Microsoft's OneDrive is an excellent cloud backup service that lets you synchronize your folders and files from your PC so it's all automatically backed up and readily available. You'll need to set it up to make the most of it, though. This guide will show you how to sync files and folders to OneDrive.
After you’ve signed in to your OneDrive account, your File Explorer will now showcase OneDrive — personal on the side alongside your other shortcuts, such as This PC. You will now be able to sync files and folders to that OneDrive account.
Step 1: Next, you'll copy and paste. For demonstration purposes, I will be syncing a file and a folder in my desktop to my OneDrive account.
If I drag and drop it in, it will remove the file or folder’s presence on my desktop. Simply copy and paste it in instead to avoid this scenario so you can have them available on both your desktop/hard drive and your Microsoft OneDrive account.
Step 2: Within File Explorer, click OneDrive — personal. It should show the file and folder we added to it from step 1.
Now that we’ve added some files and folders to the OneDrive account, you can use the service’s settings to make sure everything is synchronized properly.
Step 1: Click Microsoft OneDrive in the taskbar. Click the Help & settings icon and then choose the Settings field.
Step 2: Click the Account tab and then select the Choose folders button.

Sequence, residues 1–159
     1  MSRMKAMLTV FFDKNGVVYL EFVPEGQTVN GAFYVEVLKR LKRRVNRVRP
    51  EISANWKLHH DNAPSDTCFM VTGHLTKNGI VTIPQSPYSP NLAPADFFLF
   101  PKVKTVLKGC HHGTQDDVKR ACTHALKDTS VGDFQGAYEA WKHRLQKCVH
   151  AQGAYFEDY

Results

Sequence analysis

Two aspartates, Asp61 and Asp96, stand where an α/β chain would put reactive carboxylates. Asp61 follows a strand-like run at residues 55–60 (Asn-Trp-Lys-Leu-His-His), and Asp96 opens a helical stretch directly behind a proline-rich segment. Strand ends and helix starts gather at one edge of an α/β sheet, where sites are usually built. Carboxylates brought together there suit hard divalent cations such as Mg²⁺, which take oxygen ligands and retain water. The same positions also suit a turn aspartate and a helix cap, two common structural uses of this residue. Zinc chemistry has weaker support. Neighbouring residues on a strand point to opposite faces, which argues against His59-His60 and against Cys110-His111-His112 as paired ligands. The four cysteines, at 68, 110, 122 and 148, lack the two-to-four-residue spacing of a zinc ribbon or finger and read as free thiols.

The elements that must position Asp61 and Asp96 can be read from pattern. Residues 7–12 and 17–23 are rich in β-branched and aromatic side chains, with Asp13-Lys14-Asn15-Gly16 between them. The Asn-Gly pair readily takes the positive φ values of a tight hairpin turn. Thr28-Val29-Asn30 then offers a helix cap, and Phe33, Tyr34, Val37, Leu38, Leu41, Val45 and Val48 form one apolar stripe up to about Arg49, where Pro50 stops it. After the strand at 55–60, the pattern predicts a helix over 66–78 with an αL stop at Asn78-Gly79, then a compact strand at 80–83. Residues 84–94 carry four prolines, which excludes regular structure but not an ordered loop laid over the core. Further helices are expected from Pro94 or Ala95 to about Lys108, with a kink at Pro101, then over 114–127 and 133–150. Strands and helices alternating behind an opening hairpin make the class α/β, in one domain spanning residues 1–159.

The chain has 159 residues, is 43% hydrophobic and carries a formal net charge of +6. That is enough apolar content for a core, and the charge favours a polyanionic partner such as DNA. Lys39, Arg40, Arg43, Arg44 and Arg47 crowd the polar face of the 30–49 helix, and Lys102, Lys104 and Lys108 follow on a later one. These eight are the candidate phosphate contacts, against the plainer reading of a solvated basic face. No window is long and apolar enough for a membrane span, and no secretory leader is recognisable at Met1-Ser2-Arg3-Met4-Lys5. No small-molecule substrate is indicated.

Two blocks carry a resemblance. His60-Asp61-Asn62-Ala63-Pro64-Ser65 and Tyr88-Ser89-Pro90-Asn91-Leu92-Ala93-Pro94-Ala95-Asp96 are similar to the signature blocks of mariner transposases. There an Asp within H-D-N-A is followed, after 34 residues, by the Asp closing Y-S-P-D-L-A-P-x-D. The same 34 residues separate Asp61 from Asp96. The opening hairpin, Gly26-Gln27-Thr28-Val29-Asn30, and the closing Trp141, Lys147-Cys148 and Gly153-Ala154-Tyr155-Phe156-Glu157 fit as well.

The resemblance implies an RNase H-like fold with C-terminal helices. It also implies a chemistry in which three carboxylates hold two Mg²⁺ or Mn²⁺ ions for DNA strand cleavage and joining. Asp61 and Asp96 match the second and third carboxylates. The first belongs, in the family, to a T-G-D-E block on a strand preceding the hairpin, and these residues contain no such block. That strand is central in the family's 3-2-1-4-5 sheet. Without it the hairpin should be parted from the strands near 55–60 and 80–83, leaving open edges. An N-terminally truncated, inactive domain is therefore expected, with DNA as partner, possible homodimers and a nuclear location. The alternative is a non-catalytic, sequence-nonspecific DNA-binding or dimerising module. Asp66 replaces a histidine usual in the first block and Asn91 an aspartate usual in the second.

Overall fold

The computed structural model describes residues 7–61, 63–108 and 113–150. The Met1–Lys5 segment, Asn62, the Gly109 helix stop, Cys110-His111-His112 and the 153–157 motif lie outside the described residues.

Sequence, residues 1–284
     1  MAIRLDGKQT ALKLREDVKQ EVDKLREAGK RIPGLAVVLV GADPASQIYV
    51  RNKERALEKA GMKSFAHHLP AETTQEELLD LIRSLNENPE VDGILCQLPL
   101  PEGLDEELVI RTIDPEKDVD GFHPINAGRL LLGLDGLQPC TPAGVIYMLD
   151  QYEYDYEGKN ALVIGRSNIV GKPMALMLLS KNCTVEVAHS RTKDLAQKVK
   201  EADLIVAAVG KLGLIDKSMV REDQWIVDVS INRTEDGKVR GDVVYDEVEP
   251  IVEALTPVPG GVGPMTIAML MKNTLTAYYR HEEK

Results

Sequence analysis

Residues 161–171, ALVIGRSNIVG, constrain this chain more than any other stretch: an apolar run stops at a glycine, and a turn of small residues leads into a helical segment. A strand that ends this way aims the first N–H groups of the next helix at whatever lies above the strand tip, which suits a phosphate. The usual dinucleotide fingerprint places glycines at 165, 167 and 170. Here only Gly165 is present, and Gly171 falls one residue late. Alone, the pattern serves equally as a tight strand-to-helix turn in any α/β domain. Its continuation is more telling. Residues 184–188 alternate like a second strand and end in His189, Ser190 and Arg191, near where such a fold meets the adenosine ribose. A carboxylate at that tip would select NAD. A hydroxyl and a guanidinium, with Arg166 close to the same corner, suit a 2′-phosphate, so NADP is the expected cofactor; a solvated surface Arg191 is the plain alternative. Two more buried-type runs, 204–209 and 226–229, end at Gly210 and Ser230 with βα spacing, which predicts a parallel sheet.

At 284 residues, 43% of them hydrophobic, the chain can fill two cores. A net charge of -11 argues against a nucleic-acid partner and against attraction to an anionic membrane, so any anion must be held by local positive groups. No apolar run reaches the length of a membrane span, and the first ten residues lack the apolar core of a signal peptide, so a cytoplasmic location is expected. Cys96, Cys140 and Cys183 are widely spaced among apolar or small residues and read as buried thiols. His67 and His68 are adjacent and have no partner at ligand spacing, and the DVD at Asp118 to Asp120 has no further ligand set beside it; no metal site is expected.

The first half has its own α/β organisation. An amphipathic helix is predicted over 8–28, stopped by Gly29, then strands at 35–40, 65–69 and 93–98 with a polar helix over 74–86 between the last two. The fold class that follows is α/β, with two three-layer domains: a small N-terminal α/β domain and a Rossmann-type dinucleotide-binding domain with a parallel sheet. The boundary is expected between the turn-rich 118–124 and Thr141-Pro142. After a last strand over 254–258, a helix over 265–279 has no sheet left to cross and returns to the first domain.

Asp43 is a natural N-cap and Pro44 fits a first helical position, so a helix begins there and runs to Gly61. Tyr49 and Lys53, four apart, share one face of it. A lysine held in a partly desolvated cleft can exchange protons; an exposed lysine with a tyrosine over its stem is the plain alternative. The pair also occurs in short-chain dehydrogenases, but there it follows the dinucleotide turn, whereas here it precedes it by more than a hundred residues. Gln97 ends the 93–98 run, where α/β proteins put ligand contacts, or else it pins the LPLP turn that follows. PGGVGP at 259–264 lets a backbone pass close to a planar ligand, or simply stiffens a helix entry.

Step 3: Click the files and folders you want synced to OneDrive. The folder and file I added to my OneDrive account from the previous section is shown as Work projects and Files not in a folder. Click OK.
Step 1: Click the Choose folders button within OneDrive’s Settings.
Step 2: Now select the Make all files available button. This will synchronize everything within your OneDrive folder to your Microsoft OneDrive account.
You need to be connected to the internet for Microsoft OneDrive to work. As it's a cloud service, it will need constant access to your Wi-Fi or hotspot to operate. One of the reasons OneDrive is not syncing properly could be because you've just started up your system. Wait until it finishes the signing-in process.
Hover over the Microsoft OneDrive icon to see its status (Signing in and Online). For older systems, it may take a while for OneDrive to connect to your Wi-Fi and sign in.
For more on OneDrive, check out our detailed breakdown of the cloud service and what it offers. If you're looking for information on the various ways to store files on OneDrive (such as using the platform's website interface instead of the Windows 10 application), then head over to our guide on that as well.
Alternatively, if you've yet to choose a cloud storage service, our best cloud storage services guide can help you pick one.
- The best new Windows apps, according to Microsoft
- Snapchat has a new Shared Stories feature. Here’s how to use it
- Cursive note-taking app now on all compatible Chromebooks
- Meet Kadaza: A customizable start page and web portal just for you
- How to unsubscribe from unwanted emails